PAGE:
Berl Broder

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Berl Broder (1817–1868), born Berl Margulis, was a Ukrainian Jew born in Podkamen,[1] the most famous of the Broder singers (19th century Jewish singers comparable to the troubadours or Minnesänger) and reputed the first to be both a singer and an actor.[2] His nickname is the origin of the term Broder singer.[3] Thirty of his songs survive; of these, 24 are in the form of dialogues, usually between craftsmen such as tailors or shoemakers; his songs are seen as a precursor to Yiddish theater.[2]

He childhood was taken up with religious studies at home, until his father's death when he was 16. A handsome, bright young man with a good voice, he taught himself the violin. He worked briefly as a brushmaker; his co-workers became his first audience, calling him "Berl der vertlzoger"[1] - a man who always had a rhyme or a proverb.[2] It was after he married, at the age of 25, that his predilection towards writing and singing emerged.[1]

From some time in his late teens or early twenties, he headed on the road as an itinerant performer, along with two other singers, one of whom was also a tailor who made costumes for the troupe. It is believed that many of his songs were improvised on the spot; only thirty survive in written form.[2] In 1857, when economic crisis hit Brody, he created the Broder-singer troupe and left for Russia. His first book of poetry was published in 1860 in Pressburg, the second in Lemberg, and the third (1882) in Warsaw. He composed a tremendous number of songs and couplets which were never published, and would challenge his partners and competitors to rhyming duels, himself generally emerging the victor.[4]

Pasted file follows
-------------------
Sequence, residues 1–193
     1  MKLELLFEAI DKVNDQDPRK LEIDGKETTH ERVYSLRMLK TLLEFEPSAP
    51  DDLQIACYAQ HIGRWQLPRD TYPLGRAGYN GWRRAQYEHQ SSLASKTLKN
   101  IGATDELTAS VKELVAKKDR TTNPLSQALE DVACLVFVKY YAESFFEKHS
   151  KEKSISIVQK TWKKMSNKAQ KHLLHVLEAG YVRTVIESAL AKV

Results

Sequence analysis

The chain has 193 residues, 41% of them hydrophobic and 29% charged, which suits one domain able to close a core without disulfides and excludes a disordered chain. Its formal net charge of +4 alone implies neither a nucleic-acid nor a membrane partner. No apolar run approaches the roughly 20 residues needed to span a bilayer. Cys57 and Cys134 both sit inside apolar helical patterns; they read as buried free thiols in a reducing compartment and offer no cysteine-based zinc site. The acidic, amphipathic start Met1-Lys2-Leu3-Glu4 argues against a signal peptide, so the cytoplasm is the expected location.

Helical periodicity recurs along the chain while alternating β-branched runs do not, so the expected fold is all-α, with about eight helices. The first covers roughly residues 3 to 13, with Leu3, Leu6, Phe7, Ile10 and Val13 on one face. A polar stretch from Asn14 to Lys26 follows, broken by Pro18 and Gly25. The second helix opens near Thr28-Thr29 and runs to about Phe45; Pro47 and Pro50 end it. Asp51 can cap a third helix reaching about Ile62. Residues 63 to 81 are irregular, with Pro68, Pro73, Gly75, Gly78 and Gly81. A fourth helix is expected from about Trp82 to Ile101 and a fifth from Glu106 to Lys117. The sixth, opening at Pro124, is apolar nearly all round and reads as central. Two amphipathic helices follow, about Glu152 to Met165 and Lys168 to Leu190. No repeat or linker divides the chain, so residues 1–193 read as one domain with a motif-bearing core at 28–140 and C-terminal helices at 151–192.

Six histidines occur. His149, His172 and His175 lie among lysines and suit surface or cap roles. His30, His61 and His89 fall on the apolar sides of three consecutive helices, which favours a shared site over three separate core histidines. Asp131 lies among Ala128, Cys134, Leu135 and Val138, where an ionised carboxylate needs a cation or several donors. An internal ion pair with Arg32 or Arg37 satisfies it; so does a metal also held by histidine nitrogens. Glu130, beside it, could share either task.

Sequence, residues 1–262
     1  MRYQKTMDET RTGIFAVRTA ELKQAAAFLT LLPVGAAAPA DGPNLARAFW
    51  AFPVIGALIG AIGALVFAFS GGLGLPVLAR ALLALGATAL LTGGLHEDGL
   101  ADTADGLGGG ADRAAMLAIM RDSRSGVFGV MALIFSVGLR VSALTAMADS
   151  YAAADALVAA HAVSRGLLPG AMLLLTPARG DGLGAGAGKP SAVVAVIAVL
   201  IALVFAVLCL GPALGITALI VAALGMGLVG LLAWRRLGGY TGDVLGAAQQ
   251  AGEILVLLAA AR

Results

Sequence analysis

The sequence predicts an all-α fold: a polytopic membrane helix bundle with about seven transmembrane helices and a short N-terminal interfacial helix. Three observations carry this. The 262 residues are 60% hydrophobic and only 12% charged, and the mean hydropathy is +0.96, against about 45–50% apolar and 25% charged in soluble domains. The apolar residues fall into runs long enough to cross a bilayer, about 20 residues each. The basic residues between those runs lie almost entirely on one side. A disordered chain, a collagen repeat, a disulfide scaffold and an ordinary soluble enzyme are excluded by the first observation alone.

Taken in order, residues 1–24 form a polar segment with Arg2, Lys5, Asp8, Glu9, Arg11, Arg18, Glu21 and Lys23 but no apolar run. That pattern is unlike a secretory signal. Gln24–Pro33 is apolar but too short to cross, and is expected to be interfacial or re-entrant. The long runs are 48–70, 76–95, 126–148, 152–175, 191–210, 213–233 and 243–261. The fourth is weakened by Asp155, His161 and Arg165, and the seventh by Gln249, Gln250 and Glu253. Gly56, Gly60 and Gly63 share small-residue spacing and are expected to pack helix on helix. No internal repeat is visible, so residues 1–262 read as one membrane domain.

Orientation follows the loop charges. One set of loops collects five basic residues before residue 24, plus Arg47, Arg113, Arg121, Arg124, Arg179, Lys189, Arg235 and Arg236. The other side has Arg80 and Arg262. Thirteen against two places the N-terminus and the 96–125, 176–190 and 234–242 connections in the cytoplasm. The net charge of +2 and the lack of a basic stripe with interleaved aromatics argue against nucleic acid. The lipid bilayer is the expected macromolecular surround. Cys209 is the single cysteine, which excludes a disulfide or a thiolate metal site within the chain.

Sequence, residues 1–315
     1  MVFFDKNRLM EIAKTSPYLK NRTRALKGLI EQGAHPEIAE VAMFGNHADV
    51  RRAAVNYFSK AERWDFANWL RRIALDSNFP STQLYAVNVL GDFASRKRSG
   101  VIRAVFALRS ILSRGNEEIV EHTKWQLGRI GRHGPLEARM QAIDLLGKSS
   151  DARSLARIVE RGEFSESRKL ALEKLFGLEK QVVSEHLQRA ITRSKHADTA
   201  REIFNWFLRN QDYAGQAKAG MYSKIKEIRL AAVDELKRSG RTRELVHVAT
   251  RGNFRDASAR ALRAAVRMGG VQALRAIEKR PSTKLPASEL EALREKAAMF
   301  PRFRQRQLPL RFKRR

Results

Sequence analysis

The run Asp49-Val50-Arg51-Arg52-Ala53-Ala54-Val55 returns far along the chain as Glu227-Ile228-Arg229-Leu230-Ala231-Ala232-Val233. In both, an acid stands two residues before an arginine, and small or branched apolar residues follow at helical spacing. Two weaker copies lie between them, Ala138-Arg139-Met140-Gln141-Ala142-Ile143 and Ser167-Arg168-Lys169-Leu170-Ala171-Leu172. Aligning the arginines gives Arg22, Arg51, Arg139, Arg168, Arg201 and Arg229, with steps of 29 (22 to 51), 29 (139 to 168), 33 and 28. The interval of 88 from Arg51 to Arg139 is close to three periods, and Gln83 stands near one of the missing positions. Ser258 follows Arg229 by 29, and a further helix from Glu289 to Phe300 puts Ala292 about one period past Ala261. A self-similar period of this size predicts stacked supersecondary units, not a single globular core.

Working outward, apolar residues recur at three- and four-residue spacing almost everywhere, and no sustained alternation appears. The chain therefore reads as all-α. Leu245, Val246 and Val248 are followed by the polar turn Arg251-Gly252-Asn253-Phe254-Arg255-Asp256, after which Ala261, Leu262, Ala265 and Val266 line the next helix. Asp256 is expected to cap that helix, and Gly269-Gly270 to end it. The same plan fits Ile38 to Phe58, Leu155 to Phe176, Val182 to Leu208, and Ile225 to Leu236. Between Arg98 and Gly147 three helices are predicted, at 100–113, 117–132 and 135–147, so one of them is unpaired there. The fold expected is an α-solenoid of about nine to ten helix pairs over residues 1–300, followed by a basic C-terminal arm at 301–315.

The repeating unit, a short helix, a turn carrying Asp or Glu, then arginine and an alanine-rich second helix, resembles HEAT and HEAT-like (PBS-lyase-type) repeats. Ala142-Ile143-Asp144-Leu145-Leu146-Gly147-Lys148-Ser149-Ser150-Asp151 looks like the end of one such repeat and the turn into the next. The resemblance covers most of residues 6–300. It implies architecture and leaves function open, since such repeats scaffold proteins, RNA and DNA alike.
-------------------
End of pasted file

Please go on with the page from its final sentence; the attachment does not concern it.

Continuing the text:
After leaving Brody, he never settled in any one place; he was also known as a heavy drinker. He lived his last years in poverty. Zylbercweig cites conflicting accounts of his last years: his son claimed he died in 1868 in Carlsbad, while a contemporary claimed he died in 1888 in Pliyeshtsh (Ploieşti, Romania), a small town near Bucharest.[4]

Notes[edit]

  1. ^ a b c http://www.archive.org/details/nybc207372 Dray doyres̀: lider fun Berl Broder (Margulies), feliṭonen fun Yom Hatsyoni (Yitsḥaḳ Margulies), poemen un lider fun Ber Margulies (1957)
  2. ^ a b c d Bercovici 1998.
  3. ^ Roskies 1999, p. 94.
  4. ^ a b Zalmen Zylbercweig, Leksikon fun Yidishn teater, Book one, 221-227

References[edit]

  • Bercovici, Israil, O sută de ani de teatru evreiesc în România ("One hundred years of Yiddish/Jewish theater in Romania"), 2nd Romanian-language edition, revised and augmented by Constantin Măciucă. Editura Integral (an imprint of Editurile Universala), Bucharest (1998), pages 31–36. ISBN 973-98272-2-5. See the article on the author for further publication information.
  • Roskies, David G., The Jewish Search for a Usable Past, Indiana University Press (1999), ISBN 0-253-33505-1. p. 94–95.